What is the correct CV layout to use?

If you are looking for a CV layout that is easy to follow and can be applied to almost any profession, then look no further – we explain the sections to include, the order to present them in and what information to leave out.

With literally thousands of different types of CV layouts out there, choosing the right one can be very confusing. Sure, you could choose something very different from the standard layout to try and get an edge over the other applicants, but if you don’t want to take the risk and would rather create a CV that follows a simple but yet still very effective layout, then follow our guide below.

How many pages should my CV have?

First of all you need to decide how long your CV should be. Our recommendation would be to keep your CV layout to only two pages long. A CV needs to quickly catch the attention of the reader, and two pages is just the right length to do this if you want to play it safe.

One page is of course too short, and could cause the recruitment manager to think that you haven’t made an effort and you also may not have too much to offer. A three page CV on the other hand might just be too much, and could put someone off reading it because of its size. However, if you do feel that you need to use a third page, then you must fill it as much as possible. One of the most common mistakes made when creating a CV is to only use a paragraph or two on the third page. If this is the case, why not consider shrinking the font slightly, or decreasing the border size to make it fit into two pages?

What personal details should I include?

The very first part to a CV will be the ‘personal details’ section. The hiring manager wants to instantly see who they are reading about, so of course your name and contact details will go right at the top. Make sure your name is in a larger font than the rest of the text so it stands out.

Your name is essentially also your ‘brand’ name, and a CV is your marketing tool. So highlighting your name at the top and making it stand out is a great way to catch the eye of the reader. This will make it far easier for them to remember your name and potentially help remember your CV also.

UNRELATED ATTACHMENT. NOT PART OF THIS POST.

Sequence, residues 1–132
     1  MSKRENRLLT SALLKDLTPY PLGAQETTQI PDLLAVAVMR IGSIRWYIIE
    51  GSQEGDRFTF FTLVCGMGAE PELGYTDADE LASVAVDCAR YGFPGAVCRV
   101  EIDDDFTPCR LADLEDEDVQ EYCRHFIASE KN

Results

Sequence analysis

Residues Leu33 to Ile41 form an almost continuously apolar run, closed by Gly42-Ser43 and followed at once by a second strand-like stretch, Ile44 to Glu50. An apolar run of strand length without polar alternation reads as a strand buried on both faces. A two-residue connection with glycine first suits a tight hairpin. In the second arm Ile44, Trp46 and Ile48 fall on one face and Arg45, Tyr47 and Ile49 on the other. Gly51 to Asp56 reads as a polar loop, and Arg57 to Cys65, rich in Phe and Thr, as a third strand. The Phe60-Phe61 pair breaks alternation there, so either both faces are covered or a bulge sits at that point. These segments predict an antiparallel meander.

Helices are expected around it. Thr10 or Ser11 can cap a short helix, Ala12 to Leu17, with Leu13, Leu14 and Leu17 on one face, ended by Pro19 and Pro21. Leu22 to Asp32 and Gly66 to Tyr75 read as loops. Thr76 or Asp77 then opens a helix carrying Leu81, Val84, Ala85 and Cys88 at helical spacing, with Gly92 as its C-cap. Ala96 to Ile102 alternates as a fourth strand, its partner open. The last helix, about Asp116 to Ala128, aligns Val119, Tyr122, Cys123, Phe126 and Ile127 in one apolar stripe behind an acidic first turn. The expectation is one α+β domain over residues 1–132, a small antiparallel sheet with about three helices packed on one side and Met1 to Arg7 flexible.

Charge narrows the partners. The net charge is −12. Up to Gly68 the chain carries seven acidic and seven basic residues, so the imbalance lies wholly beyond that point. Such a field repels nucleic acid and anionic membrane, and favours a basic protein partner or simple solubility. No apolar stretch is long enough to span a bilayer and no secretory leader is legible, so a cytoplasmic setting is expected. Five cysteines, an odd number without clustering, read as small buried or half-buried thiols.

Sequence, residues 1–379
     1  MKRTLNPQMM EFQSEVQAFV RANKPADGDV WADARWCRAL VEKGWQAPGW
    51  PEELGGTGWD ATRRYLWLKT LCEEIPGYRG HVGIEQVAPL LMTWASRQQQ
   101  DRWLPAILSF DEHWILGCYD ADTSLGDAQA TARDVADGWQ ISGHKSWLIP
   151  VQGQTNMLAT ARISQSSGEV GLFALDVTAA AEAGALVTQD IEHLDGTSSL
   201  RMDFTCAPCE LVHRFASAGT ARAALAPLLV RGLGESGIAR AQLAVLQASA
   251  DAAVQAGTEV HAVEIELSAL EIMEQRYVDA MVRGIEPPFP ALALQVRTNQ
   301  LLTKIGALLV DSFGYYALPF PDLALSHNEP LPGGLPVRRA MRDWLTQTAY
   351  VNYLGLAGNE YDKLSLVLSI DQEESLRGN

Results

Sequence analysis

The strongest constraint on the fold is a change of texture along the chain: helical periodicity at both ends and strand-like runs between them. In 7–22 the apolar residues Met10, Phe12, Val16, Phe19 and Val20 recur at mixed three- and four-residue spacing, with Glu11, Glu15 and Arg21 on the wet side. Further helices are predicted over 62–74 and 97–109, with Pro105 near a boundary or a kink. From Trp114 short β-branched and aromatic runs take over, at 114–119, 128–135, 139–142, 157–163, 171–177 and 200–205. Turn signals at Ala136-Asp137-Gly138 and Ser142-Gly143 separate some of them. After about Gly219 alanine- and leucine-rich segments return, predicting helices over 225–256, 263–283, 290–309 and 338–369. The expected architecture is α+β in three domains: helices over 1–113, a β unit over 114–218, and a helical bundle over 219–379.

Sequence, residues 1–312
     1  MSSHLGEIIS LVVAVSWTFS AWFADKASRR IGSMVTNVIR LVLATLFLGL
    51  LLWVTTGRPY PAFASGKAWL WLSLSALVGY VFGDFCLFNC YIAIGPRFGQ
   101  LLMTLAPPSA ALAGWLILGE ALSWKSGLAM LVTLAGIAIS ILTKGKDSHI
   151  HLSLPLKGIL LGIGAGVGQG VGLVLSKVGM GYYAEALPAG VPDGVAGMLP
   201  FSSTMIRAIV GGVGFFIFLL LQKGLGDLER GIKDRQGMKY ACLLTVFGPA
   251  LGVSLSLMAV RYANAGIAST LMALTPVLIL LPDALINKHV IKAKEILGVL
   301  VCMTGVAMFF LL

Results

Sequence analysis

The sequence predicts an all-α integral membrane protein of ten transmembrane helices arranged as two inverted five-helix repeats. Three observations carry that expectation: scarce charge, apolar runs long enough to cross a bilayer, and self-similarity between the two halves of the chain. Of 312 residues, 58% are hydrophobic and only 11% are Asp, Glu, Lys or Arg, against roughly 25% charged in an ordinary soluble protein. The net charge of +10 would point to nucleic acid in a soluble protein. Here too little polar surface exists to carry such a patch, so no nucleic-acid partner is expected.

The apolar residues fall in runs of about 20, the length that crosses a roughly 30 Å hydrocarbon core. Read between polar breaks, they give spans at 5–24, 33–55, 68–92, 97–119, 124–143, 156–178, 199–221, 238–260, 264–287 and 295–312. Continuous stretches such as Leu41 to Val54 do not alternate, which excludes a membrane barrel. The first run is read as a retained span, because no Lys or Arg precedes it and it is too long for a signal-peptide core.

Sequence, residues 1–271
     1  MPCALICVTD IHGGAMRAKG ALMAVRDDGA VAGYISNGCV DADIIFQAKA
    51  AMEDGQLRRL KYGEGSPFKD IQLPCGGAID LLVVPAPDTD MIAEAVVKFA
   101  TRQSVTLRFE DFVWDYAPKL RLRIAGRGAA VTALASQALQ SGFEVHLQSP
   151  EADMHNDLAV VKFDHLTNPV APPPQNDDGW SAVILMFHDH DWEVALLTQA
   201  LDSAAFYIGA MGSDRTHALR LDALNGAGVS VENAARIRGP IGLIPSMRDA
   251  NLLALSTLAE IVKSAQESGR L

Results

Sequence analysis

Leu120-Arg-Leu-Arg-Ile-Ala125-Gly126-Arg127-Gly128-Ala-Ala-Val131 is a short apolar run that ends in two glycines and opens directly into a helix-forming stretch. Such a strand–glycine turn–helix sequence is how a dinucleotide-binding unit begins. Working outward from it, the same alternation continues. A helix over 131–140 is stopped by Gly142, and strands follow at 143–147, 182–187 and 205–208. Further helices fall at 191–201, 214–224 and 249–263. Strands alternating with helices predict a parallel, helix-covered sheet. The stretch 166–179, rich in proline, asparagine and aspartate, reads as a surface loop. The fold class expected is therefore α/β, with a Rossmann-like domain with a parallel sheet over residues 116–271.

Your contact details should included a phone number and email address. Make sure both of these are easily accessible and can be answered or replied to quickly. Also ensure that a professional answer machine message is present rather than one you use for your friends.

Our advice would be to create a new separate email address with a professional name – for example johnsmith97@yahoo.co.uk. This will also allow you to easily see a new email that doesn’t get swallowed up by an existing address that has thousands of spam messages.

Along with your name and contact details, some people include other personal information such as date of birth, marital status or whether you have children. This however is optional, and should only be included if you feel it is relevant in some way to the job. Generally we would advise leaving off any type of information that might allow an employer to discriminate against you.

An employer would be discriminating if they were to make a choice based on any “protected characteristic” (such as age, race, religion or belief) whether directly or indirectly. A list of protected characteristics can be found here.¬†Qualifications, experience and skills are what an employer should look at when deciding on an interview.

Any additional information which the employer needs to know, like holding a particular driving license for example, should also be stated here.

Should I include an ‘objective statement’?

Whoever reads your CV is of course going to start right at the top and work their way quickly down, so now that you’ve well and truly established your name, you need to make a great first impression with your Objective Statement.

The statement needs to be concise and to the point, ensuring that you sell yourself correctly and grab the reader’s attention. You want to make sure the recruitment manager instantly recognises your strengths and that they are relevant to the role.

An appropriate format for the objective statement is:

  • One line explaining who you are and your experience e.g. “I am a Marketing Manager with a CIM qualification and 7 years’ practical experience in online marketing…”
  • One line explaining any particular strengths, skills, achievements or ways you meet the job spec e.g. “My specialism is PPC and I currently manage budgets totalling ¬£2m…”
  • One line explaining what you are looking for e.g. “I am looking for a position in digital marketing where I can use my current skills and gain further experience leading a team…”

For further information on how to write an objective statement, read our article 4 super easy ways to make your CV stand out.

How do I present work experience?

The easy and obvious way to create this section is to list all of your past jobs, starting with the most recent first and working backwards to when you left education. However, this isn’t always the best approach, and we would recommend first of all looking at each and every job you’ve had and highlighting which parts directly relate to the new role you are applying for.

Some roles may be exactly the same – take for example a previous car sales job where you are now applying for the same – so this would be an easy and obvious inclusion. However, you now need to search through all of your previous roles and tasks to see what relates to the new role.

Let’s say for example you are applying for a car sales executive role. You now need to hunt through your past experience to see where you have been involved in sales. It doesn’t matter if it wasn’t the same product, as sales techniques, skills and experience are certainly interchangeable.